Exchange Online reads inbound email to know when messages contain events that should end up in user calendars. OWA is the only client that exposes the settings to control what events are processed, but all clients can display the events Exchange creates. Some new cmdlets are available to support controlling the settings centrally.
Microsoft has given the Teams desktop and browser clients an “enhanced scheduling experience.” In other words, the form used to create meetings is better than before. It’s true that the new form looks a lot like Outlook and makes it easier to set up meetings, but don’t think of Teams as the equal of Outlook in calendar management, because it isn’t.
The new Teams Calendar app gets a new feature called Meet Now to create on-demand or ad-hoc meetings that don’t need to be scheduled in anyone’s calendar. There doesn’t seem to be any reason not to allow users to use Meet Now, but if you need to block the feature, you can edit a Teams meeting policy and assign it to the unfortunate users.
Microsoft Teams is getting a new calendar app to replace the cheap-and-cheerful meetings apps used up to now. Although the calendar app boasts new views and actions, it’s not the same or as powerful as the Outlook calendar. That being said, for many people, the new Teams calendar will be quite sufficient.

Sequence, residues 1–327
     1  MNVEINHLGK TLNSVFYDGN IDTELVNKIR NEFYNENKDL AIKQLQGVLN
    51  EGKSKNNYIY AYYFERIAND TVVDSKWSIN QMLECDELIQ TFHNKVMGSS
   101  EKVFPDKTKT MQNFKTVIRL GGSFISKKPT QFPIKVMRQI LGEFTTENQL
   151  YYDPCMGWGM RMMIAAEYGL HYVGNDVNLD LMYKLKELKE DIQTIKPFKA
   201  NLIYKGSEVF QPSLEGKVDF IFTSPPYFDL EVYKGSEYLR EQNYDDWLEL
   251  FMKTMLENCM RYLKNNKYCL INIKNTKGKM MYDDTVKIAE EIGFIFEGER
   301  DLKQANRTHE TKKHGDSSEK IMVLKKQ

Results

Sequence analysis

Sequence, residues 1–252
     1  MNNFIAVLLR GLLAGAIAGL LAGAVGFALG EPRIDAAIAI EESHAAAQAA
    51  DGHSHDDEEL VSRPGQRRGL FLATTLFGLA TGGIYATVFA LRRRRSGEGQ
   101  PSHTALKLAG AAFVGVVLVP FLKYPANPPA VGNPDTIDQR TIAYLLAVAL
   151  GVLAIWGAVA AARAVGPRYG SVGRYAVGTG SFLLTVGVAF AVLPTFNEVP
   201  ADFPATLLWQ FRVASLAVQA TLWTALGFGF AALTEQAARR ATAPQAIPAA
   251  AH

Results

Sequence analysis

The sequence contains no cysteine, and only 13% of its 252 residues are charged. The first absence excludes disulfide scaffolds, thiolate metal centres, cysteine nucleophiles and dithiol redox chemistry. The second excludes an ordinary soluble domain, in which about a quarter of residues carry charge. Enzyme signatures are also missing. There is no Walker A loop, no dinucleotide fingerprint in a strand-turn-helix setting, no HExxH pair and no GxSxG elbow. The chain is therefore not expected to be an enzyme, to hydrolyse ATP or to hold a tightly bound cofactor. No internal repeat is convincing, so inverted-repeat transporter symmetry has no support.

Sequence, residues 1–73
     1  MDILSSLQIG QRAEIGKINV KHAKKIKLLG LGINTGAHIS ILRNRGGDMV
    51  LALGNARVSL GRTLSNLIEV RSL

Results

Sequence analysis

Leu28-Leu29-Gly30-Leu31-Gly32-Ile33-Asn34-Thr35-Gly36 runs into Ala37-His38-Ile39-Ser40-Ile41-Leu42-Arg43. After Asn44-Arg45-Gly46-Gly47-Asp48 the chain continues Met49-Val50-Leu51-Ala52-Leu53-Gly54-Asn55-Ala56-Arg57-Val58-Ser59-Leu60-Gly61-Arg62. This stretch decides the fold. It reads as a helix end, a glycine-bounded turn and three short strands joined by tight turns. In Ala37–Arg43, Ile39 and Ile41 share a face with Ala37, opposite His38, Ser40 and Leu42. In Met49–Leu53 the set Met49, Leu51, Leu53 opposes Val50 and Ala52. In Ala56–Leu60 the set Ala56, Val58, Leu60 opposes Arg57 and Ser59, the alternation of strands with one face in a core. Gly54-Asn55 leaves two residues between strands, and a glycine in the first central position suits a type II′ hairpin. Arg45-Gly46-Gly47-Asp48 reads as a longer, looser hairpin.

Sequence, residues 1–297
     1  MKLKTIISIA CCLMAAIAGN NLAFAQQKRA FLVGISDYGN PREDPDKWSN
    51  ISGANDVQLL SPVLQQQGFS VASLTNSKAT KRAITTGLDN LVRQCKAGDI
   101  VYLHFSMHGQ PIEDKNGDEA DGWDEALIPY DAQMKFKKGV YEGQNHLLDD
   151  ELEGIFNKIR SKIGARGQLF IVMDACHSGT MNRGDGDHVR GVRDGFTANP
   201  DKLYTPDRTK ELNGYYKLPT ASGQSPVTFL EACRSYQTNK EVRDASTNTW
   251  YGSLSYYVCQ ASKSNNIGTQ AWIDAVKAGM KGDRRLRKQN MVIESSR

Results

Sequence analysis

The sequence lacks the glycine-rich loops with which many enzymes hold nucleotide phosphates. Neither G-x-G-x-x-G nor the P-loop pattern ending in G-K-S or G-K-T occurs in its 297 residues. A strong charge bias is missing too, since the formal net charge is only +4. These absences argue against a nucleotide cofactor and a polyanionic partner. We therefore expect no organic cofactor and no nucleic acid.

Outlook Mobile clients can now schedule Teams meetings, even if your tenant isn’t using the newer version of Outlook’s mobile connection architecture. The Office 365 tenant setting for Skype for Business Online co-existence mode has to be configured to use Teams, and once everything is in place Outlook is happy to schedule Teams meetings.
A new Exchange feature rolling out inside Office 365 allows meeting organizers to block people forwarding their meetings to all and sundry. The latest versions of OWA and Outlook 2016 click to run support the UI for the feature and blocks are built into Exchange Online and Exchange on-premises servers to stop blocked meetings sneaking through.